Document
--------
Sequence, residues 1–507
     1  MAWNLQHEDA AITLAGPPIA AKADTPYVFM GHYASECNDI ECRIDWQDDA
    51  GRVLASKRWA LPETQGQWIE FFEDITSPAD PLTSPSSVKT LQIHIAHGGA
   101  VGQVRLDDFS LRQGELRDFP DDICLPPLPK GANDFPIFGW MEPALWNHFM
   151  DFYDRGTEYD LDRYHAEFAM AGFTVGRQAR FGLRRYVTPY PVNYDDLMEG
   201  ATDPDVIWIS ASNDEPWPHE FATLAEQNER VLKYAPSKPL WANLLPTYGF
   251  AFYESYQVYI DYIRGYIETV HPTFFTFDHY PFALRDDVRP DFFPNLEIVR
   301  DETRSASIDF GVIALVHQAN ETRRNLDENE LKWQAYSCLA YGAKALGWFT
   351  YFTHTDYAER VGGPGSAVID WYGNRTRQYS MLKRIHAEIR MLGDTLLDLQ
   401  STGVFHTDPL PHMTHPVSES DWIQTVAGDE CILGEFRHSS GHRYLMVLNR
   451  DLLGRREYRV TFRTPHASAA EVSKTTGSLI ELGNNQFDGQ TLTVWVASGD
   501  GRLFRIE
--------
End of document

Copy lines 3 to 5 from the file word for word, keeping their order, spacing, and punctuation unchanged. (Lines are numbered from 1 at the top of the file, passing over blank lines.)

    51  GRVLASKRWA LPETQGQWIE FFEDITSPAD PLTSPSSVKT LQIHIAHGGA
   101  VGQVRLDDFS LRQGELRDFP DDICLPPLPK GANDFPIFGW MEPALWNHFM
   151  DFYDRGTEYD LDRYHAEFAM AGFTVGRQAR FGLRRYVTPY PVNYDDLMEG